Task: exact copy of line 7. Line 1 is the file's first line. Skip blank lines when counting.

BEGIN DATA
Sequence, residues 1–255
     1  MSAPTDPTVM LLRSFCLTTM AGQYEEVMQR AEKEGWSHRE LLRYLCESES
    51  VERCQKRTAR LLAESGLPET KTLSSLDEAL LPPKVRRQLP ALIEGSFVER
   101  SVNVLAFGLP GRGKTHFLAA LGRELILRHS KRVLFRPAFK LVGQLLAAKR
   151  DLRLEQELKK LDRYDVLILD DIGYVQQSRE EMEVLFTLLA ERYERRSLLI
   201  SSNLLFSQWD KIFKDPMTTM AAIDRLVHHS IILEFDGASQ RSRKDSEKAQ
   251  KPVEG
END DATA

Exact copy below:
   251  KPVEG